Over on Sprouter, I’ve been answering startup marketing questions and I keep getting variations on this one (I’m paraphrasing):
We are developing an application similar to Yammer. I’m struggling with defining my target market and positioning because my product can be used by small or large organizations in various industries. Do I need to focus on a niche or not? I know it’s important to go after a specific market segment in the beginning, but I don’t think Yammer did this and they are successful!
Market strategy isn’t as transparent as you might think. Yammer seems like a good example so let’s look at them. You can see a partial customer list here. About half of the customers listed are in “Technology” or “Internet”. There is anther group called “professional services” which includes folks like Deloitte and Edelman who either service tech clients or resell technology. Even some of those listed in other categories I might call Technology as well (For example, I wouldn’t call Pitney Bowes “Manufacturing” per se and Swiftcurrent Strategies is a social media consulting business that happens to focus on “Government”). It’s possible they didn’t focus on technology as a segment. Maybe they focused on “folks that understand the value of Twitter” which ended up being a lot of tech and services companies focused on social media. However it happened, I can see an obvious segmentation there.
Regardless of whether other startups are segmenting or not – should yours? I personally see some obvious benefits to taking a more targeted approach:
1/ If you have sold one deal there you know you can sell another one – You learn a lot selling to a company. You learn what their pains are, you learn what they love about your product. Much of what you learn selling to one customer in a particular segment you can apply to another customer segment. I bet Yammer didn’t have to spend much time explaining what the service was all about to Mashable or Groupon because they already use tools like Twitter. You can imagine what the sales pitch would be like and it would be the same for many internet companies like them. Similarly companies like Cisco and Alcatel spend a lot of time talking about business communication and collaboration so Yammer would make sense to them. Sell one company like that and you can probably use the same sales pitch on another.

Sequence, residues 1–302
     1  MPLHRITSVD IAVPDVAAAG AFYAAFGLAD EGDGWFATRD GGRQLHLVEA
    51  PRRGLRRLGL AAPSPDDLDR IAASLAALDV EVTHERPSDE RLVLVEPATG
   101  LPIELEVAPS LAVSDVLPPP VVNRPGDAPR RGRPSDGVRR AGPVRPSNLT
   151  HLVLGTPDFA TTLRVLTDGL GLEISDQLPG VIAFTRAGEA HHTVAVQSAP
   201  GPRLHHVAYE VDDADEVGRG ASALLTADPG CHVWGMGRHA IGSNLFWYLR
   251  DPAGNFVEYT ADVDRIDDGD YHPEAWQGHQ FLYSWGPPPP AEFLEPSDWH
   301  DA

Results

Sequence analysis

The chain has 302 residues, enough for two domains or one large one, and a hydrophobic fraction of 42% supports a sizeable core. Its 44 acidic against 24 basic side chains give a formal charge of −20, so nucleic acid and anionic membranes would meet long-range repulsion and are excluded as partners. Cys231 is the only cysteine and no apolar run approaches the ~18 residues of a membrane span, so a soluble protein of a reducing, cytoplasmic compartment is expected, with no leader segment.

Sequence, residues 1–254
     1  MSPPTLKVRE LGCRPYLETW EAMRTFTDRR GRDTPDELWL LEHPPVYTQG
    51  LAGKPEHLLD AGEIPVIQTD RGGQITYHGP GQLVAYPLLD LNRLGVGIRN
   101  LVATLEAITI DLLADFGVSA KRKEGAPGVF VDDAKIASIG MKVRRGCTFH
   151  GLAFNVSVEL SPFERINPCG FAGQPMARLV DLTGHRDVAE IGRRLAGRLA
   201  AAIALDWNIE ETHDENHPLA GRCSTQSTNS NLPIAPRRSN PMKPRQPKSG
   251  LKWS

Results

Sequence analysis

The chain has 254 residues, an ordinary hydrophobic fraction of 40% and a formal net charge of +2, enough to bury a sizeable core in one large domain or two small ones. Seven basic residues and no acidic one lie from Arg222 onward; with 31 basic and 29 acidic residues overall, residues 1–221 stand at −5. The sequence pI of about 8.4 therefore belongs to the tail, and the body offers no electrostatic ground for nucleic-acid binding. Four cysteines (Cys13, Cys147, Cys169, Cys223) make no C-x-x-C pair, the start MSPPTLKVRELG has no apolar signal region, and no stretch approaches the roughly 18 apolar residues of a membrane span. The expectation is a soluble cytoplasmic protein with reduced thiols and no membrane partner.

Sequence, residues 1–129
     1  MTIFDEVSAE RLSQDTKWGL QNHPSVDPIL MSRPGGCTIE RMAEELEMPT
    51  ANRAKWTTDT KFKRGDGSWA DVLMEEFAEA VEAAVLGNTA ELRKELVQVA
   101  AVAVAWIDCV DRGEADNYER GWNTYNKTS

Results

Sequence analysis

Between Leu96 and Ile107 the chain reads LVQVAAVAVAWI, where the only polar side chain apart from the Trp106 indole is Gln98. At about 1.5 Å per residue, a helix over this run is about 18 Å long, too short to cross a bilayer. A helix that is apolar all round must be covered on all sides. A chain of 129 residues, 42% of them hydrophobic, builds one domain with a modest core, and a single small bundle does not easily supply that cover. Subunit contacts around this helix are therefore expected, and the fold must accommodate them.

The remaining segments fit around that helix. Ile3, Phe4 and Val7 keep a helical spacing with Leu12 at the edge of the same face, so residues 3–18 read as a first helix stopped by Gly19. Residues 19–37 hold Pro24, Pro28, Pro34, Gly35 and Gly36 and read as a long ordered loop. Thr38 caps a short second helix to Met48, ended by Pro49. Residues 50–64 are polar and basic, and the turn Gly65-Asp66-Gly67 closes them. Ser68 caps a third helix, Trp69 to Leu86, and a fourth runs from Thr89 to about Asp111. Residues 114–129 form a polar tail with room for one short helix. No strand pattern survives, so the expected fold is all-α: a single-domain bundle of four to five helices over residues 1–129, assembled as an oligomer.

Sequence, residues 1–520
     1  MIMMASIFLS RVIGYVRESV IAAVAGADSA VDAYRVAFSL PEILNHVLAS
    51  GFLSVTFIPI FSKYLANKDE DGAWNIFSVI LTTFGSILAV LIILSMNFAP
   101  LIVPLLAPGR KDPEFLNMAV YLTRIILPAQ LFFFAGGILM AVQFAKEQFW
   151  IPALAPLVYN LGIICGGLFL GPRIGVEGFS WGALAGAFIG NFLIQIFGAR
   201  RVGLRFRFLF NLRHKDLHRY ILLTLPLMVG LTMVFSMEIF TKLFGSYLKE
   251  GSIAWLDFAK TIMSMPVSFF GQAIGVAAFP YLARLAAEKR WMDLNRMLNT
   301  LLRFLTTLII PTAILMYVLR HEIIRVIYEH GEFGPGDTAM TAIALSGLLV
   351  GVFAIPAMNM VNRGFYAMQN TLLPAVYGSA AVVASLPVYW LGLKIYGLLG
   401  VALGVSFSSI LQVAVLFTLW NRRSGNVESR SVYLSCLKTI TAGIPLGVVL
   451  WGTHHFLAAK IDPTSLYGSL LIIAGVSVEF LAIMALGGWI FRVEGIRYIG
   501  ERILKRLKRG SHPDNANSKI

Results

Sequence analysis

2/ Having a reference account in a segment makes it easier to sell into other accounts in that segment – Businesses like to see that other businesses just like them are using the product before they buy it. Having a first customer reference in a segment makes it easier to sell the second. Having a couple of references makes it way easier to sell the next group, and so on, and so on.
3/ Traction in a segment, leads to increased awareness in that segment, leading in turn to more traction – In my opinion building awareness is one of the hardest things for B2B startups. There are so many massive companies spending a fortune on marketing, how do you get heard above the noise? The easiest way is to not try to be heard by everyone, but focus on being heard in one particular space. People in the same industry talk to each other, hang out in the same places online and quit jobs and move to other companies in the same industries. Word of mouth travels around communities. The more traction you can build in a particular community the more awareness you will also build.
This is all classic Crossing the Chasm bowling pin stuff so it isn’t new or novel but in my opinion it still works.